Shorter story units are also brought together to construct the historical narratives that play such a major role in biblical literature. Historical narratives appear in the Hebrew Scriptures, the Apocrypha, and the New Testament. These narratives tell the stories of a particular period in biblical history, but do so not by providing a simple record or chronicle of the events, but by looking at the events through the authors' understanding of the role and place of God in those events. Joshua and Judges tell the story of the conquest and occupation of the promised land, and the books of Samuel, Kings, and Chronicles tell the rich and contentious story of the rise and fall of the Davidic monarchy and dynasty. The last chapters of 2 Chronicles take the story through the fall of Jerusalem at the hands of the Babylonians and the Babylonian exile to the rise of King Cyrus and the Persian Empire. The books of Ezra and Nehemiah pick up the historical narrative at that point, and tell the story of the restoration of Jerusalem under Persian rule.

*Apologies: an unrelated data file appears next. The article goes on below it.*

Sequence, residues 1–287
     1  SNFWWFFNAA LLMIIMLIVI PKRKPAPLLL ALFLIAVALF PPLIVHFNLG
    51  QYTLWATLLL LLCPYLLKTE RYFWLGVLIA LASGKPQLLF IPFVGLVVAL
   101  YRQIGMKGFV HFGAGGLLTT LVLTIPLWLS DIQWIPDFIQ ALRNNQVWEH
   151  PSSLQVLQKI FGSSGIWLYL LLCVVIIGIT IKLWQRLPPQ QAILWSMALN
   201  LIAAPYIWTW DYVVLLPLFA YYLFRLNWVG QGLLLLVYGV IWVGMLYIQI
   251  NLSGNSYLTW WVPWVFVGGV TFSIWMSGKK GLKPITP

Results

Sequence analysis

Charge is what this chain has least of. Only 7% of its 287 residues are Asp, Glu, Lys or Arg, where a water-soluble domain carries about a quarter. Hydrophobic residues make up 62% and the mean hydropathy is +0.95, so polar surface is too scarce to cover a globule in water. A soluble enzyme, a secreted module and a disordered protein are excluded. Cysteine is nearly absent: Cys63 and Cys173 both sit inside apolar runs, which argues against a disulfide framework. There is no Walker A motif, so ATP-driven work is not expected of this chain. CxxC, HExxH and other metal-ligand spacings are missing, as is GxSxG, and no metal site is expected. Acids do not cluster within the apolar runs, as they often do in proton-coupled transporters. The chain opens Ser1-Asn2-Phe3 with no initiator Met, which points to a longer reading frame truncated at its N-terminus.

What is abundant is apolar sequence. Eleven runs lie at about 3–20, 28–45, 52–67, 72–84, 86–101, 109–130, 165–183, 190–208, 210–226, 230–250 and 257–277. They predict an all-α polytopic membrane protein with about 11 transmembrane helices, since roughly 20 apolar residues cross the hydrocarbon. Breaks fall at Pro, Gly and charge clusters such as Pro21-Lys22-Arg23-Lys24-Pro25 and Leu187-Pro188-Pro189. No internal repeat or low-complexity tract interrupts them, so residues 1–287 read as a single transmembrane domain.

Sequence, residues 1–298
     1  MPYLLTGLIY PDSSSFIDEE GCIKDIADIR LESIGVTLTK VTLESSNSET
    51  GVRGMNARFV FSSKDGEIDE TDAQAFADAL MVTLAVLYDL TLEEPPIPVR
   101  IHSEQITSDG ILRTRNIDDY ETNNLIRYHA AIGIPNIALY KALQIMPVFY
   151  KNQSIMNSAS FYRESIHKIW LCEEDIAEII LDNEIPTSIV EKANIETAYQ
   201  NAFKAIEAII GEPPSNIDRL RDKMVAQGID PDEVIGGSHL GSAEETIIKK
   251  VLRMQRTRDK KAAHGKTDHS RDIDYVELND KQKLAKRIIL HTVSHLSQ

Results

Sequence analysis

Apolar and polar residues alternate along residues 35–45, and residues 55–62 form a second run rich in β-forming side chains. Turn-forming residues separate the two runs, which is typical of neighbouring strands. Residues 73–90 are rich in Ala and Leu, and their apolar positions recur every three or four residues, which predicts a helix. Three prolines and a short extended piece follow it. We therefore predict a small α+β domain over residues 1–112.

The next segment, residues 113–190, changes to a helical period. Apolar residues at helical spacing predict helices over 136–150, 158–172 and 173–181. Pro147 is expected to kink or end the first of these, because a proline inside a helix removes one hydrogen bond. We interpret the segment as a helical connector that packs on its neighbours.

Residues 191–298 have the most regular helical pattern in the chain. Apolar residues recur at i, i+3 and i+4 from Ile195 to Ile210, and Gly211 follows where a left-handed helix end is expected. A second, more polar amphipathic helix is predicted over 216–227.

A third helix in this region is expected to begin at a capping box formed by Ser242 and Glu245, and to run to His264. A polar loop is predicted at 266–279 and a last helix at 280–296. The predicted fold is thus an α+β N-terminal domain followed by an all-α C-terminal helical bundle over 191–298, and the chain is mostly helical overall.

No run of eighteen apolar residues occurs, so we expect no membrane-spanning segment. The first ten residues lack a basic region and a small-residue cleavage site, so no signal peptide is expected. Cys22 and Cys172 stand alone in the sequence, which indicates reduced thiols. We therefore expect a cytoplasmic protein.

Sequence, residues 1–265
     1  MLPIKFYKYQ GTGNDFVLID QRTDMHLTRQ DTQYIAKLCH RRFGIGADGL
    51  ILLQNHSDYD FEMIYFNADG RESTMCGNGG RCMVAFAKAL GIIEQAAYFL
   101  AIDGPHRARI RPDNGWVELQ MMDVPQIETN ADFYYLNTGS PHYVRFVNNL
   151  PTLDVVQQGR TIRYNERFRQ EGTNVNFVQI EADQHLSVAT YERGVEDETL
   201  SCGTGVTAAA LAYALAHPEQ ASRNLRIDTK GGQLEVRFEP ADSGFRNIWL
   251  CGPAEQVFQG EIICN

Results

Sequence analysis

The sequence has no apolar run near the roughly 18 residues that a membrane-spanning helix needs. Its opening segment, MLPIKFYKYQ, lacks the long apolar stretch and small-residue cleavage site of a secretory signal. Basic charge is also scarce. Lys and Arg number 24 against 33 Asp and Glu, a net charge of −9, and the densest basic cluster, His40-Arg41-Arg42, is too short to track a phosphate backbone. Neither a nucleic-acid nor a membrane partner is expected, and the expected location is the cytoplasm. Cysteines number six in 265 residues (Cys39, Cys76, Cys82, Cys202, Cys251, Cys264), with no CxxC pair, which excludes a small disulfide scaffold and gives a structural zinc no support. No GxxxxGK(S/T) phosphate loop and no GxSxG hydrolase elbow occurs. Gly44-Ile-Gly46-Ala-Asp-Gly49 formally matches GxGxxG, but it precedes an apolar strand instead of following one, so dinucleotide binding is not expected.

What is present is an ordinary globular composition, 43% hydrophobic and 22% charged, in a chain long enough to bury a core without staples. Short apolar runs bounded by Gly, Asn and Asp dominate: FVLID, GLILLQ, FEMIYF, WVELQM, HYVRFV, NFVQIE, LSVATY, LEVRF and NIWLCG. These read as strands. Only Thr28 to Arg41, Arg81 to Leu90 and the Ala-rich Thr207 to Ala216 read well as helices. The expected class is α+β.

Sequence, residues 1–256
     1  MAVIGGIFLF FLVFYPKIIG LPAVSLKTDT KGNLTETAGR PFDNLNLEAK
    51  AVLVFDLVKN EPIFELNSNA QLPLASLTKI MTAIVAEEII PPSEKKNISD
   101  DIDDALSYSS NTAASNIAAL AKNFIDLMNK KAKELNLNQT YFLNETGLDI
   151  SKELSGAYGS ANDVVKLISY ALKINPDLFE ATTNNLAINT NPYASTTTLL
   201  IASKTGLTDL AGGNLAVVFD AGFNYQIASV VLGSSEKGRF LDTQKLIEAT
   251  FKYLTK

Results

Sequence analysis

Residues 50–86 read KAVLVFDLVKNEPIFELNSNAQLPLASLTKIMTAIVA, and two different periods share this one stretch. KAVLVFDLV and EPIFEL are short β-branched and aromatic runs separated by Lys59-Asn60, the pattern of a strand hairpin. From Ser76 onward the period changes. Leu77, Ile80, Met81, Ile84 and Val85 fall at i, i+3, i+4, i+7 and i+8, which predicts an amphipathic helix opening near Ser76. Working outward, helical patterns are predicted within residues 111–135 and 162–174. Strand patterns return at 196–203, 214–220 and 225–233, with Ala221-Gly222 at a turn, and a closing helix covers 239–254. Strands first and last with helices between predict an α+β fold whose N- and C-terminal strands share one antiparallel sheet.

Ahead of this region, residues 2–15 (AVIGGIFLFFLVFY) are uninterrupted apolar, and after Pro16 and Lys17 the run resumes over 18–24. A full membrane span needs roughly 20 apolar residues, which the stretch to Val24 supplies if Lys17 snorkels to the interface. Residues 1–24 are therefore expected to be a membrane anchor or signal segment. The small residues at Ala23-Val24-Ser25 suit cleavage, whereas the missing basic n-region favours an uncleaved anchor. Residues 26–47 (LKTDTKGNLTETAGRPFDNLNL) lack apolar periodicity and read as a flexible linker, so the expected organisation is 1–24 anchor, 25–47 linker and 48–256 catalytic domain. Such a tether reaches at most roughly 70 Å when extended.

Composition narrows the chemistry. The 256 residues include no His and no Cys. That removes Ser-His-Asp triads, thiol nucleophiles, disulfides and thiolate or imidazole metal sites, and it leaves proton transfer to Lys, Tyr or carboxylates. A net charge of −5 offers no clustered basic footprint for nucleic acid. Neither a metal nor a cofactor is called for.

A comparison of the books of Samuel and Kings with those of Chronicles clearly illustrates that biblical histories are not simply objective recordings of events. The same events are recounted with very different narrative and theological emphases, because the Samuel—Kings tradition and the Chronicles tradition interpreted the events through different lenses (see the commentaries on the respective books). Interestingly, despite their different perspectives, both traditions end their storytelling of the Babylonian exile on a note of hope rather than desolation, another indication that biblical historical narratives are about more than simply recording the “facts.”